My Home Remedies

Fleas and Ticks Home Remedy Comments

4 Comments for the Fleas and Ticks Home Remedy

Anonymous

A few years ago our house had a BAD infestation of fleas. I bombed our house every other day for 2 weeks. It was so bad that we couldn't even stay in it. I asked an old farmer that lived down the road if he knew of any old remedies & he said let me think about it. A few days later he brought me a sack full of horse apples/bodarc apples. He said he wasn't for sure if they'd work with fleas but would be worth a try since they work on lots of other pests. You cut them in half and throw them around the perimeter of where you want to treat. Our house is pier and beam so I threw them under the house as well as in the attic. The very next day, we were able to move back home. Have not seen 1 flea, field mouse, grass snake, or anything since this treatment. Hope this helps someone

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Anonymous

I am wondering if that would work on these horrible stink bugs.

Ann

Where do you get these apples?

Kelly

I have fleas, and horses... Of course not together. I'll have to try this. By the way, horse apples are horse turds.

Anonymous



Maclura pomifera, commonly called Osage-orange, hedge-apple,[1] Horse-apple, Bois D'Arc, Bodark, or Bodock[2] is a small deciduous tree or large shrub, typically growing to 8–15 metres (26–49 ft) tall. It is dioecious, with male and female flowers on different plants. The fruit, a multiple fruit, is roughly spherical, but bumpy, and 7–15 cm in diameter. It is filled with a sticky white latex sap. In fall, its color turns a bright yellow-green. It is not closely related to the citrus fruit called an orange: Maclura belongs to the mulberry family, Moraceae, while oranges belong to the family Rutaceae.[3]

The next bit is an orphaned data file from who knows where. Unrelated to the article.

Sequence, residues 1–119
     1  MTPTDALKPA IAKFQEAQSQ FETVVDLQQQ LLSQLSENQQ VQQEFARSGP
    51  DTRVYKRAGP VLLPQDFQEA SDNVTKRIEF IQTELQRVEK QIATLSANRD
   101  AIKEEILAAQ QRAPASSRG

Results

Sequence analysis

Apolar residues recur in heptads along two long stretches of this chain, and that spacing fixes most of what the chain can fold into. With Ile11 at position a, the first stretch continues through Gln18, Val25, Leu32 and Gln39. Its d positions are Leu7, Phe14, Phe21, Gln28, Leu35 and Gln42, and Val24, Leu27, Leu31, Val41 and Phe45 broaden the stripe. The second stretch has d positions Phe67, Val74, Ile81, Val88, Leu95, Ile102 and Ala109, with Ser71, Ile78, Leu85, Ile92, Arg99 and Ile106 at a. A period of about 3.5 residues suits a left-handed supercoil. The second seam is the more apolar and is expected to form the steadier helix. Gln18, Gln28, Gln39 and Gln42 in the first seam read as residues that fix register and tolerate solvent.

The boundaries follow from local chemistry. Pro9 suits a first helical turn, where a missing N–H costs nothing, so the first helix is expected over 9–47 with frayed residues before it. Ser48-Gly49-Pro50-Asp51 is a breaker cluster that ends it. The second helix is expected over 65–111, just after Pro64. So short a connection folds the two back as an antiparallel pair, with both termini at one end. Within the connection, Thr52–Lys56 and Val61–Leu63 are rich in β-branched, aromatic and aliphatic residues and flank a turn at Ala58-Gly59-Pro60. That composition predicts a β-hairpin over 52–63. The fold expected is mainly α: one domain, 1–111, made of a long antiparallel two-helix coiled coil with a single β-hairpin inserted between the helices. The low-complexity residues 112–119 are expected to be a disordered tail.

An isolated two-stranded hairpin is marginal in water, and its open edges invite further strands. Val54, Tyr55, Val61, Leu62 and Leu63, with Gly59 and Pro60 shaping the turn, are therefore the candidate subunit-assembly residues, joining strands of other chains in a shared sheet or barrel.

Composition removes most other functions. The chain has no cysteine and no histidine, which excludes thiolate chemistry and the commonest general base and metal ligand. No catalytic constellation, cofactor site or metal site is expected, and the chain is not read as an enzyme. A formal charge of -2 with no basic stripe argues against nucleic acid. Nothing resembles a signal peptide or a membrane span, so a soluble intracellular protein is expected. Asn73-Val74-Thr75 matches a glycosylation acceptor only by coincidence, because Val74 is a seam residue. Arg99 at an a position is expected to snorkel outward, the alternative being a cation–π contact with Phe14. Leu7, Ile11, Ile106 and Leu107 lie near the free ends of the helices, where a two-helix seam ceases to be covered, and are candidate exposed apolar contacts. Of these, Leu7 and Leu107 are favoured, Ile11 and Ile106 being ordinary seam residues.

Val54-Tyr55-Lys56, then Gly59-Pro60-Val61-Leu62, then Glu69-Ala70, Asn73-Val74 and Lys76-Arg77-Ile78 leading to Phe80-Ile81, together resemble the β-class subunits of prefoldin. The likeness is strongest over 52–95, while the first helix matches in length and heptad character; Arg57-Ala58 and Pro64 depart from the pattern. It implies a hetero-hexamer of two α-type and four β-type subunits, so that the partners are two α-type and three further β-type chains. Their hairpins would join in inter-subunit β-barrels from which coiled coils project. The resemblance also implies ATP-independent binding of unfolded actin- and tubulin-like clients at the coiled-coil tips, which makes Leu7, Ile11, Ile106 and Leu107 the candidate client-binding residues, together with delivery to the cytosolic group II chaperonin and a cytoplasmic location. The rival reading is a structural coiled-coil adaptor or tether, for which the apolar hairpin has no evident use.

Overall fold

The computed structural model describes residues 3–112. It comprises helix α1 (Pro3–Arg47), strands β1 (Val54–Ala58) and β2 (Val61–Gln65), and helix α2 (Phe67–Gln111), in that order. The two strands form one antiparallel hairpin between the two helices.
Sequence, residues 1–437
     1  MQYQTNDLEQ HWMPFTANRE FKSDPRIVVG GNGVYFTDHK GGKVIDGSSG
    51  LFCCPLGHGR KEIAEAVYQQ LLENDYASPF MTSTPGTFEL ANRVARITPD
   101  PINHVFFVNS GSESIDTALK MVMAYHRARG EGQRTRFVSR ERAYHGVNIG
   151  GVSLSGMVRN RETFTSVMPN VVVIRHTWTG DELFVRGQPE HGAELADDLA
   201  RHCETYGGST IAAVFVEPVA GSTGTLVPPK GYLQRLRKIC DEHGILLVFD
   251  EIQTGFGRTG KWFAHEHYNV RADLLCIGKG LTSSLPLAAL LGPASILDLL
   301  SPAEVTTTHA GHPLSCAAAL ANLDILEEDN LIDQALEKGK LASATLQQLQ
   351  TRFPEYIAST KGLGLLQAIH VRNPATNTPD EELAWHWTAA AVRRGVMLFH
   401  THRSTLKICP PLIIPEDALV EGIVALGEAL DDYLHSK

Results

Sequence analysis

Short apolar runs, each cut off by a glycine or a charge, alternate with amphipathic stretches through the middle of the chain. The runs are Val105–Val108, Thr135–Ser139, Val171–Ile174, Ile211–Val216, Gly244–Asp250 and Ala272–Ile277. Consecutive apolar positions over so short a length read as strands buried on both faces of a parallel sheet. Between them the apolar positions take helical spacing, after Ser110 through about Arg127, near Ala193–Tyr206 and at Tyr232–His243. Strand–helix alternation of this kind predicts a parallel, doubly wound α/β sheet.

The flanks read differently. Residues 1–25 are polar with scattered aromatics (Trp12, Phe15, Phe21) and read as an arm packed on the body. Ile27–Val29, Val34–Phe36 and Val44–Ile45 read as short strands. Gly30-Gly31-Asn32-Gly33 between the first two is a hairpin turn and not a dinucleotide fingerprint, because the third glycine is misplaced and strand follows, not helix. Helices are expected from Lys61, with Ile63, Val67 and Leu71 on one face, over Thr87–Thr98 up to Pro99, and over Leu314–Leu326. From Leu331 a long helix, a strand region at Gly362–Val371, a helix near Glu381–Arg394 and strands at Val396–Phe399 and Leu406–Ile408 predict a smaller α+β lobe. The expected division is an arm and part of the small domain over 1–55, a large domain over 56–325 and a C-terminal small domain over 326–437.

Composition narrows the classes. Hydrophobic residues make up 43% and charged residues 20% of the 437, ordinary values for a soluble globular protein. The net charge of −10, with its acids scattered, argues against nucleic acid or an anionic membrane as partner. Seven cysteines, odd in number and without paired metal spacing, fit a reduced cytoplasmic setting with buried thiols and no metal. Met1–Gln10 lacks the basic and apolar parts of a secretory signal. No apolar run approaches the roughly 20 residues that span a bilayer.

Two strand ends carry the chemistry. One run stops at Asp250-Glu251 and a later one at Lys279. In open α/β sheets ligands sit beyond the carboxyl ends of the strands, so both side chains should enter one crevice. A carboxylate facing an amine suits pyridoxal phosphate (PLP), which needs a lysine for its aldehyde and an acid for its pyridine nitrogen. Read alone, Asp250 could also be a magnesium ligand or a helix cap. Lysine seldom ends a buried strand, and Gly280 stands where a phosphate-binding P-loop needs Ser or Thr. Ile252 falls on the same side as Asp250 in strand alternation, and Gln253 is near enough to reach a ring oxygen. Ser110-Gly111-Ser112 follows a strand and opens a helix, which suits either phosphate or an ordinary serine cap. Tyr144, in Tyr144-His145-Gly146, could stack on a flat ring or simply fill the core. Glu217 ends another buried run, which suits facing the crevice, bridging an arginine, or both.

Maclura is closely related to the genus Cudrania, and hybrids between the two genera have been produced. In fact, some botanists recognize a more broadly defined Maclura that includes species previously included in Cudrania and other genera of Moraceae.
Osajin and Pomiferin are flavonoid pigments present in the wood and fruit, comprising about 10% of the fruit's dry weight. The plant also contains the flavonol morin.
It was once thought that placing an Osage orange under the bed would repel spiders and insects. This practice has declined with the rise of synthetic insecticides. However, scientific studies have found that extracts of Osage orange do repel several insect species, in some studies just as well as the widely-used synthetic insecticide DEET.[4]

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